Hyundai unveils an all-new, 3-row version of its midsize Santa Fe cross/utility vehicle at the L.A. auto show today that replaces the fullsize Veracruz in Hyundai’s U.S. lineup.
The new 3-row CUV is based on the original ’13 2-row model on sale now that has been renamed the Santa Fe Sport to avoid confusion.
The new 3-row model has a 3.9-in. (9.9-cm) longer wheelbase than the ’13 Santa Fe Sport and is 8.5 ins. (21.6 cm) longer and slightly wider and taller. It will reach dealers early next year.
Hyundai says the new Santa Fe has more passenger room and cargo space than the 3-row Toyota Highlander. It also claims its new CUV is 99 lbs. (45 kg) lighter than the Highlander and weighs 239 lbs. (108 kg) less than the new ’13 Nissan Pathfinder.
The 3-row Santa Fe is 320 lbs. (145 kg) lighter than the outgoing Veracruz, Hyundai says.
The larger Santa Fe is powered by the 3.3L gasoline-direct-injected V-6 used in the Hyundai Azera, and not the 2.0L and 2.4L 4-cyl. engines in the ’13 Santa Fe Sport models. However, horsepower is slightly reduced, to 290 hp from 293 in the Azera.
The 3.3L engine is paired with Hyundai’s in-house 6-speed automatic transmission, complete with a warmer to keep transmission oil at the optimal temperature for good fuel economy.
Despite its lighter weight, the 3-row Santa Fe is estimated to achieve 20 mpg (11.8 L/100 km) combined in both front- and all-wheel-drive models. This compares with 21- and 22-mpg (11.2 and 10.7 L/100 km) averages for the new AWD and FWD Pathfinder, which use a 3.5L V-6 engine coupled with a continuously variable transmission.
The 3-row Santa Fe can tow up to 5,000 lbs. (2,268 kg), matching the standard tow rating of the Pathfinder and enough for a small boat, Hyundai says.
Visually, the biggest difference from the Santa Fe Sport is the larger Santa Fe’s side windows, which are shaped to emphasize passenger and cargo room behind the third-row seat.
There’s also a different bodyside character line rearward of the 3-row model’s B-pillar, and tweaked grille and wheel designs to differentiate it from the 2-row original model.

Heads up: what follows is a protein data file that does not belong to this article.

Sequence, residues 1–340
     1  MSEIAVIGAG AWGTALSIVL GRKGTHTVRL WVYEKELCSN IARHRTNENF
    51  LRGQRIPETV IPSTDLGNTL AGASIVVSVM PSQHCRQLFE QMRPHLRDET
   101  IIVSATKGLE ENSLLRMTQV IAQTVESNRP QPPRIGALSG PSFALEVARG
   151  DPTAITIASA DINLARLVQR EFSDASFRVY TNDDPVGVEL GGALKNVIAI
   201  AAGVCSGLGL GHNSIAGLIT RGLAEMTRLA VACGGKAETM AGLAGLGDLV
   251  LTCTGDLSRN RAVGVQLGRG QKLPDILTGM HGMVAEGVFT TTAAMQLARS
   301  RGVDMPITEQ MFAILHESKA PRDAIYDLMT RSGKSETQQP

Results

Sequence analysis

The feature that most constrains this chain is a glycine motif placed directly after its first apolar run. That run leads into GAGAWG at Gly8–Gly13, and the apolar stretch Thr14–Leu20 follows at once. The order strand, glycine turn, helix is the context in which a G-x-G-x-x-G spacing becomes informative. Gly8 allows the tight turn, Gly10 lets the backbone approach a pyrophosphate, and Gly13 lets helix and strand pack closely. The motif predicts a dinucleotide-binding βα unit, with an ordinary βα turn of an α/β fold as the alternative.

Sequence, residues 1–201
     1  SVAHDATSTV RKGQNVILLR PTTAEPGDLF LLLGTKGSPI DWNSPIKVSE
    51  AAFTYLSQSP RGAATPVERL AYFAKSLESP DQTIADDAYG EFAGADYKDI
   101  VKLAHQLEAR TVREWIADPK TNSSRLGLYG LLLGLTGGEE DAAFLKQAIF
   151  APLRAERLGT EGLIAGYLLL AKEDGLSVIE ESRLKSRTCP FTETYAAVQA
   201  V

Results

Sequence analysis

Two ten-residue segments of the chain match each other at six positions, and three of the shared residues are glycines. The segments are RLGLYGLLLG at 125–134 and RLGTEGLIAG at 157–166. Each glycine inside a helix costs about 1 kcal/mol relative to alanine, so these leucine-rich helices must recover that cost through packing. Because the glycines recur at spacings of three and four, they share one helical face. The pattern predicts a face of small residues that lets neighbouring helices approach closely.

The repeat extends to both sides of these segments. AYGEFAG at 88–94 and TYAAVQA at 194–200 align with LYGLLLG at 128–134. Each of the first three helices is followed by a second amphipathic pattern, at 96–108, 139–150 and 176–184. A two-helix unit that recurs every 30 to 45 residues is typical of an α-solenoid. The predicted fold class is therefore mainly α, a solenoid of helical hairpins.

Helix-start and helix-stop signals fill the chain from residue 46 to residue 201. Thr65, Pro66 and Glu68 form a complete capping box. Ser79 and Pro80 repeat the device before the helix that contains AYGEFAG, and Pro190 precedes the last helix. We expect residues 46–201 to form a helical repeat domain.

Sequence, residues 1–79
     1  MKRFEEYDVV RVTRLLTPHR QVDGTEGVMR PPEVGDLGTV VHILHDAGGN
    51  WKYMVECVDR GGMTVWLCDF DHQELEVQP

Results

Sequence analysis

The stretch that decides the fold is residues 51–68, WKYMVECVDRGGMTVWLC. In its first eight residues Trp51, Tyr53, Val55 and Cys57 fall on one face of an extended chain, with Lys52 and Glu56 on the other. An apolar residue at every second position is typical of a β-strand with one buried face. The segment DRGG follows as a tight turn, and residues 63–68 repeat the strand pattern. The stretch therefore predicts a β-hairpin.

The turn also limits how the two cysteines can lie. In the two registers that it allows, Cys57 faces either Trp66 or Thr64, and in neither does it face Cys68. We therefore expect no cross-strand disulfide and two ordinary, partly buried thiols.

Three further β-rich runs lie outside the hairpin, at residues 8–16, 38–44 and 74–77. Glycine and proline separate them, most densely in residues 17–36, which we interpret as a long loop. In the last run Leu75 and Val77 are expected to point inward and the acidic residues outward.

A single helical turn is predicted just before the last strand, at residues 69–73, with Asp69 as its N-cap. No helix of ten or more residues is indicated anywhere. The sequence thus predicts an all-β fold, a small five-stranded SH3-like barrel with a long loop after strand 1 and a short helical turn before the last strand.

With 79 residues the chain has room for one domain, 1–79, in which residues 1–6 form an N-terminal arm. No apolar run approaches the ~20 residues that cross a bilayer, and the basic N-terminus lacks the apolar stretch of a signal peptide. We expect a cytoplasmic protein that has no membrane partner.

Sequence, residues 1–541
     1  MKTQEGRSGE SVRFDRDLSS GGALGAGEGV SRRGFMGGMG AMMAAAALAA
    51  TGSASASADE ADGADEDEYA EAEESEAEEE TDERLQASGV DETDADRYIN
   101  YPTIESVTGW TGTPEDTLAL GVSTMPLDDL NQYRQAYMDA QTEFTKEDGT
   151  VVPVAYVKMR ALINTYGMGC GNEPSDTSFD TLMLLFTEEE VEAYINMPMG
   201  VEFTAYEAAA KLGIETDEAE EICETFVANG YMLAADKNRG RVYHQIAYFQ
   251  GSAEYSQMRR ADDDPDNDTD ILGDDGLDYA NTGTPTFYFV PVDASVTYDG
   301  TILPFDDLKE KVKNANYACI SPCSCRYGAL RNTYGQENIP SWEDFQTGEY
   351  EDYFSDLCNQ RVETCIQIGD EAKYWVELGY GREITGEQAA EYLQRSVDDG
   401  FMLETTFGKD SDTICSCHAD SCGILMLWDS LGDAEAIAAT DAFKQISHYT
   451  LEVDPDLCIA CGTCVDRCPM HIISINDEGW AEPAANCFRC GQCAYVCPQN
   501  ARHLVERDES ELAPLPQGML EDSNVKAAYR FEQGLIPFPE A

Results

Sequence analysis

Creature comforts standard on the 3-row ’13 Santa Fe include Hyundai’s BlueLink telematics system, with a 1-year complimentary trial. There also is a 40/20/40 split second-row and 50/50 split third-row seating.
Additionally, the larger CUV has heated rear seats and heated steering wheel and a multifunction 8-in. (20-cm) touchscreen with navigation. The third-generation navigation is “more intuitive for commonly used tasks,” Hyundai says, noting voice-recognition software now can understand street addresses and cities spoken in one sentence.
The ’13 AWD Santa Fe is equipped with a torque-vectoring cornering control system that Hyundai says improves lateral stability and removes understeer and oversteer by switching unwanted traction to either the front or rear axle.
Also available is Hyundai’s driver-selectable steering system, already on the Elantra GT 5-door, that provides a choice of normal comfort or sport mode.
The auto maker has not released a U.S. sales target for the new Santa Fe lineup, although officials have alluded to matching segment-leading competitors that sell in higher volumes.
Many Middle CUVs, according to WardsAuto segmentation, sell more than 100,000 units annually in the U.S. The best-selling model so far this year is the 2-row Honda CR-V, with 233,586 deliveries through October. The Ford Explorer is the top-selling CUV with a standard third row, with 132,023 deliveries in the first 10 months.
In addition to the 3-row Santa Fe, Hyundai Motor America CEO John Krafcik told WardsAuto in June that another large CUV, something that would be a more direct replacement for the Veracruz but more upscale, was not out of the question.
Also debuting on Hyundai’s L.A.-show stand today is a funky Veloster concept, called the C3 Roll Top, which stands for 3-door convertible. The car uses re-purposed industrial tarps for its power-retractable soft top and has a tailgate instead of a hatchback. The car’s cargo floor is made of tiles crafted from old skateboard decks.
The C3 was inspired by the proverb, “a rolling stone gathers no moss,’” says Chris Chapman, chief designer-Hyundai Design North America, noting it’s an everyday as well as a “play-day” type of car.
Hyundai sees the C3, which employs the Veloster Turbo’s 201-hp 1.6L GDI turbocharged 4-cyl. engine, as perfect for those owning trendy fixed-gear bikes. The bold colors of “fixies” inspired the concept car’s red/black/white/teal palette.